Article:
01/21/2013 11:10 EST | Updated 03/23/2013 05:12 EDT

Quebec inquiry star witness admitted earlier testimony was false

A star witness whose damning testimony has come under question in recent weeks admitted in interview tapes aired in front of Quebec's inquiry into corruption in the construction industry that some of his earlier testimony wasn't true.

In October, former Union Montréal party organizer Martin Dumont told the inquiry that a former receptionist for the party, Alexandra Pion, took him aside and complained that she no longer wanted to be asked to count money for Bernard Trépanier.

But on Monday, the commission aired video shot in early December that showed Dumont admitting to investigators that it was actually Trépanier who told him about counting the money and that he shouldn't have named Pion.

In the same round of testimony, Dumont told the commission that Pion told him she had counted approximately $850,000 with Trépanier— the partisan fundraising official (dubbed "Mr. Three Per Cent"), who is accused of collecting kickbacks from construction companies on behalf of Union Montréal.

During his October appearance, Dumont also said former Montreal Mayor Gérald Tremblay turned a blind eye when presented with two sets of financial records for a 2004 byelection campaign in the St-Laurent borough. Tremblay quit political life within days of that testimony, vehemently denying Dumont's version of the facts.

Ex-receptionist said she was asked to count cash

Speaking before the commission Monday, Pion said she was asked to count cash on one occasion but that she had no idea how much money it was and that she never spoke to Dumont about the incident.

In her testimony, Pion described one occasion where she was led to an office, where an open safe revealed the bills, tied together with elastic bands.

Pion confirmed that Trépanier asked her to count the $20 and $50 bills but she says she refused to do so.

Pion recounted telling Trépanier it was not her role to count the money, and told the commission she turned around to leave at that point and faced no resistance from Trépanier.

She said she didn't remember the date of the alleged incident but said it only occurred one time.

Following Dion's testimony, Dumont was asked to clarify who told him about the incident. He said someone told him about the $850,000, but he said he shouldn't have named Pion.

"To my memory, I thought it was Pion. But to be very honest with you, doubt has been installed in my mind," said Dumont.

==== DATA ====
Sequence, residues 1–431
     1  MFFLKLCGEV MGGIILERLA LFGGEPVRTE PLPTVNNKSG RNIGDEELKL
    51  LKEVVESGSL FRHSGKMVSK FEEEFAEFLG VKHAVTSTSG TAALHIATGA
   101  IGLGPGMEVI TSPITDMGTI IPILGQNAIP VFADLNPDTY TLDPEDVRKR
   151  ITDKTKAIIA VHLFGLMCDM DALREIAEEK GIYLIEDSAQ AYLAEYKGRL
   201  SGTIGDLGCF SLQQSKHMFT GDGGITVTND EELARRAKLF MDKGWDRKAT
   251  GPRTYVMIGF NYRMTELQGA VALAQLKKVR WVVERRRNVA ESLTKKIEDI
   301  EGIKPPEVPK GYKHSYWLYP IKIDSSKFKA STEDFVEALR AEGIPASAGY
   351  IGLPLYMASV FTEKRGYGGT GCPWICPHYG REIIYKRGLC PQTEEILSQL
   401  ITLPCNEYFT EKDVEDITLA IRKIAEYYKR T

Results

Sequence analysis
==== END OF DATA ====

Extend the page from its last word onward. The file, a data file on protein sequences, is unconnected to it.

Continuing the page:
Dumont had sought medical postponement

Commission head, France Charbonneau, ordered Dumont to return to testify again despite a plea for postponement.

His lawyer had sought leave to postpone her client's appearance to a later date.

Suzanne Gagné said Dumont has been on sick leave from his current job in the pharmaceutical industry since the start of the year. She had said he wouldn't be well enough to testify until at least the end of February.

Charbonneau said the medical information presented by Gagné did not specify a condition that would prevent him from testifying.

Changes at the commission

Charbonneau announced that one of her two co-commissioners, Roderick A. Macdonald, will not sit for the winter session because of his poor health.

The commission has faced criticism due to Macdonald's prolonged absence. Macdonald underwent cancer-related surgery in mid-May and has yet to attend any of the hearings in person, though he has apparently been following the proceedings from home.

Charbonneau said Macdonald will turn his focus instead to identifying recommendations for the government, which is part of the commission's mandate.

Chief counsel Sonia Lebel introduced three new lawyers who will work for the commission — Erika Porter, Paul Crépeau and Lussiaà-Berdou Cainnech — hired in the wake of the departure of Sylvain Lussier and Claude Chartrand.

In October, chief counsel Lussier announced he would resign because of the potential appearance of a conflict of interest. He had represented a company named at the inquiry.

Chartrand, the deputy chief counsel, left soon after, saying his talents were not being used properly after being passed up for the chief prosecutor job.